Dick Costolo on how Twitter makes -- and might make -- money

July 26, 2011: 8:34 AM ET
Dick Costolo

Twitter's Dick Costolo (left) with Fortune's Adam Lashinsky

With a multi-billion-dollar valuation and relatively small revenues, Twitter is Exhibit A for those who believe Silicon Valley is experiencing another bubble. At Fortune's Brainstorm Tech conference on July 19, the company's CEO, Dick Costolo, explained how the company's business works, including what ad products its customers are buying and how Twitters sells to them. He even hinted a major future product area: capitalizing on the commerce currently being conducted by others on Twitter. A lightly edited version of his description, in his words, follows.

The beauty of the Twitter advertising platform is the ads are just tweets, and instead of just going organically to your followers, they go to your followers and then whoever else you want to target them to. You can target search terms, you can target trends on the homepage, you can say 'I want to target people who are interested in these kinds of things to follow my account.'  So we have lots of different ad products, and those ad products go everywhere the tweets go. Promoted tweets go everywhere tweets go. Promoted accounts go everywhere we show people what kinds of accounts they can follow.  Promoted trends go everywhere we show trends. So the ad system is organic to the platform and goes everywhere the content goes.

I think the fascinating thing about the ad platform philosophically is that when you think about the future of Twitter, where tweets are being distributed frictionlessly to browsers, desktops, smartphones, feature phones, television, etc., when you've got ads that can go globally everywhere those tweets go, it creates this opportunity for advertisers to do the kinds of things that [the CEO and chief information office of P&G (PG)] were just talking about:  Real-time marketing campaigns. We already see that from [movie] studios on Twitter. The week before the film comes out, they're promoting trailers on Twitter. The moment the movie comes out or the moment after the movie comes out, they start to show some of the quotes that people have been tweeting about from the movie.

So this ability to edit and manage a campaign in real time, as it happens, and distribute that globally has never existed before. I think that's fascinating. We charge people on a cost-per-engagement basis.  So, like [Google's (GOOG)] AdWords, you only pay when people engage with the tweet.

The important point to note there is our engagement rates are through the roof. We are seeing ads literally with click-through rates and engagement rates of 30, 40, 50 percent.  I think the highest one of all time was when Volkswagen ran a promoted tweet for their new VW Beetle that actually had an engagement rate, where an engagement is a click, a reply or a retweet, of 52%. So, you were in the minority if you saw the ad and you didn't engage with it. That compares very favorably with search.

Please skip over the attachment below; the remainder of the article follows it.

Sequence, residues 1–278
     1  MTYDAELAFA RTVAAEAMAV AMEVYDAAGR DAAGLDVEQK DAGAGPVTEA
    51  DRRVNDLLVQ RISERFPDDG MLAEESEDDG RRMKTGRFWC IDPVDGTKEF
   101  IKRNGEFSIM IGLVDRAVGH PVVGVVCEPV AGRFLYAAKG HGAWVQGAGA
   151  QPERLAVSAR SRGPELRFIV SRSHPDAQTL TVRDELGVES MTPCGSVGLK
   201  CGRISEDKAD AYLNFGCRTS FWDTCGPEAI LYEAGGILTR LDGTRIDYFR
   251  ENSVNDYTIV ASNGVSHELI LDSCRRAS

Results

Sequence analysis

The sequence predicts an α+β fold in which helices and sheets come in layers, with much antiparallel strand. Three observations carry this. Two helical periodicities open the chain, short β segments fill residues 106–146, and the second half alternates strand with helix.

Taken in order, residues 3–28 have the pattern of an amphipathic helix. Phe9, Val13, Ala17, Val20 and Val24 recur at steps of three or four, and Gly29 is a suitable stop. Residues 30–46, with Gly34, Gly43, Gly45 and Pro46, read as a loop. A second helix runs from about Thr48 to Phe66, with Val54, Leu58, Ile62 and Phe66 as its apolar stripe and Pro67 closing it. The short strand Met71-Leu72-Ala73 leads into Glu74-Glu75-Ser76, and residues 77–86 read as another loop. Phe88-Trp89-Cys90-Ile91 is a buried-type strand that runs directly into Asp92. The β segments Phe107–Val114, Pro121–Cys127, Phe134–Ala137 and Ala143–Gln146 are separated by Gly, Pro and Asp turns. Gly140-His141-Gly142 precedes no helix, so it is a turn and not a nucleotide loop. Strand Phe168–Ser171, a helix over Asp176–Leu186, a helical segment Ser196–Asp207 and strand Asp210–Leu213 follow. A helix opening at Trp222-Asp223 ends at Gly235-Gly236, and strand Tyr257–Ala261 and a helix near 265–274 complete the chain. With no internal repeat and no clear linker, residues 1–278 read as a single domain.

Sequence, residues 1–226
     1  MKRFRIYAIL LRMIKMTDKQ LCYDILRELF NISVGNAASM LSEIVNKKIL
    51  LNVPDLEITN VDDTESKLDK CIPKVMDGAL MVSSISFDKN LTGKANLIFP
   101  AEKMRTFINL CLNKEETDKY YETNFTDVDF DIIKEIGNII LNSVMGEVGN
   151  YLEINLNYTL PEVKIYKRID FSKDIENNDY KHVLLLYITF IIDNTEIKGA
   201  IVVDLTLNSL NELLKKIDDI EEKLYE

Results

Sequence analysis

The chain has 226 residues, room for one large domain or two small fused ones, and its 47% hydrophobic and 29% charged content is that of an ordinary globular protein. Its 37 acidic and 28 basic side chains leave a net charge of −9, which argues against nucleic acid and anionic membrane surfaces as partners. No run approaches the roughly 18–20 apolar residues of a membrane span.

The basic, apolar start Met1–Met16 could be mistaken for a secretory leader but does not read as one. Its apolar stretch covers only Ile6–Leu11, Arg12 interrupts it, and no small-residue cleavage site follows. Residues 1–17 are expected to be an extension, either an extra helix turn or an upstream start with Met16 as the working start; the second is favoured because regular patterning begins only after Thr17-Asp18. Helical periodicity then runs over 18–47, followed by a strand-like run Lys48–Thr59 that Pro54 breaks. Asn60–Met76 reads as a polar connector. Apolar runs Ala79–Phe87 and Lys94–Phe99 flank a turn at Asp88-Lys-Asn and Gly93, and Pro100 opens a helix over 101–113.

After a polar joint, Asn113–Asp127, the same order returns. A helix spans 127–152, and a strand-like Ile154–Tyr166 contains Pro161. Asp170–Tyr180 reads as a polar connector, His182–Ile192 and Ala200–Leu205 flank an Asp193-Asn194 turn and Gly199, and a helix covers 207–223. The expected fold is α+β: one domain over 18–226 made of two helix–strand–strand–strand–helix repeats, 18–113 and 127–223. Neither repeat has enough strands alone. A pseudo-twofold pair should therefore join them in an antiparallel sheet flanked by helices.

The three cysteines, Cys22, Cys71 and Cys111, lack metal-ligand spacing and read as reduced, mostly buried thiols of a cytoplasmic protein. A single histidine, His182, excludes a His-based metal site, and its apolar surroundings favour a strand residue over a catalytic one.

Right now are sales are all direct. We actually divide our sales team into a direct sales force that calls on the top 250 brands in the world, and then an inside sales force that calls on sort of the trunk.  We'll roll out self-serve later on. The number of advertisers on the platform is up 600%. It was low hundreds at the end of last year, and is up 600%. The number of advertisers that renew campaigns is 80%. Along any axis you want to measure the financial health of the platform and the company, it's fantastic.  It's going according to plan.  We've got a very specific and methodical way we're thinking about rolling out promoted tweets broader and broader and broader, and we're only going to do that as we ensure that the user experience is good when we do that.

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I think of advertising as one of the major revenue components to Twitter going forward. I think one of the only reasons I hedge and say one of the major components going forward is because we already see a tremendous amount of commerce taking place on the platform. Just as a couple examples, when the Google I/O conference was taking place, they tweeted the morning of the opening of the conference, "Hey, you know, 100 tickets left, 550 bucks a piece, use this promotion code," and then I think 11 minutes later tweeted, "Sold them, thank you." [That's] $55,000 with one tweet in 13 minutes.

The San Diego Chargers tweeted on a Saturday afternoon, "We need to sell a thousand more tickets so the blackout can be lifted in San Diego tomorrow," and 40 minutes later or so tweeted, "Sold those."

When I said advertising will be one of the core ways that Twitter operates and one of the core revenue streams, what I'm saying is there's a commerce opportunity there for us to take advantage of if we want. You could imagine all sorts of [ways] we remove friction from the process.  Right now, you have to go to a third site, enter a promotion code, something else.  What would you do to remove the friction from that transaction?  You know, classic sort of economics: There's money to be made when you can remove friction from transactions.  We are thinking about the kinds of things that we will offer to the market, and designing different things and experimenting with different things internally.

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About This Author
Adam Lashinsky
Adam Lashinsky
Senior Editor at Large, Fortune

Adam Lashinsky is a San Francisco-based editor-at-large for FORTUNE, covering Wall Street and Silicon Valley. Lashinsky joined FORTUNE in 2001, after two years as a contributing columnist. Prior to joining FORTUNE, Lashinsky covered Silicon Valley for TheStreet.com and The San Jose Mercury News. A Chicago native, Lashinsky holds a B.A. in history and political science from the University of Illinois at Urbana-Champaign.

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